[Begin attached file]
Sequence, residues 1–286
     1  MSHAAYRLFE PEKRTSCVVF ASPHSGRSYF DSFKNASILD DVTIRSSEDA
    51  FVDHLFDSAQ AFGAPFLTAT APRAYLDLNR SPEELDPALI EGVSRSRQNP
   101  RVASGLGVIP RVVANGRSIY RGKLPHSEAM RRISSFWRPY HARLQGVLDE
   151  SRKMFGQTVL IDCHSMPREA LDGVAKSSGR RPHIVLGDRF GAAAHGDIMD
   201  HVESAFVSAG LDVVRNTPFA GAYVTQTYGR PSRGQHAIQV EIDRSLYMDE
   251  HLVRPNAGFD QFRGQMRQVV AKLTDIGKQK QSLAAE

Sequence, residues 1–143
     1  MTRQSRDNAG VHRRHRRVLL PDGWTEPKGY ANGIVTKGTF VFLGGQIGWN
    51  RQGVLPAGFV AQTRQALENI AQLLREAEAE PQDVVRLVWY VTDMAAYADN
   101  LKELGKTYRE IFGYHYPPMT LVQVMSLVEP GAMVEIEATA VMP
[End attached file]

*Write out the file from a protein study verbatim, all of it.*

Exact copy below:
Sequence, residues 1–286
     1  MSHAAYRLFE PEKRTSCVVF ASPHSGRSYF DSFKNASILD DVTIRSSEDA
    51  FVDHLFDSAQ AFGAPFLTAT APRAYLDLNR SPEELDPALI EGVSRSRQNP
   101  RVASGLGVIP RVVANGRSIY RGKLPHSEAM RRISSFWRPY HARLQGVLDE
   151  SRKMFGQTVL IDCHSMPREA LDGVAKSSGR RPHIVLGDRF GAAAHGDIMD
   201  HVESAFVSAG LDVVRNTPFA GAYVTQTYGR PSRGQHAIQV EIDRSLYMDE
   251  HLVRPNAGFD QFRGQMRQVV AKLTDIGKQK QSLAAE

Sequence, residues 1–143
     1  MTRQSRDNAG VHRRHRRVLL PDGWTEPKGY ANGIVTKGTF VFLGGQIGWN
    51  RQGVLPAGFV AQTRQALENI AQLLREAEAE PQDVVRLVWY VTDMAAYADN
   101  LKELGKTYRE IFGYHYPPMT LVQVMSLVEP GAMVEIEATA VMP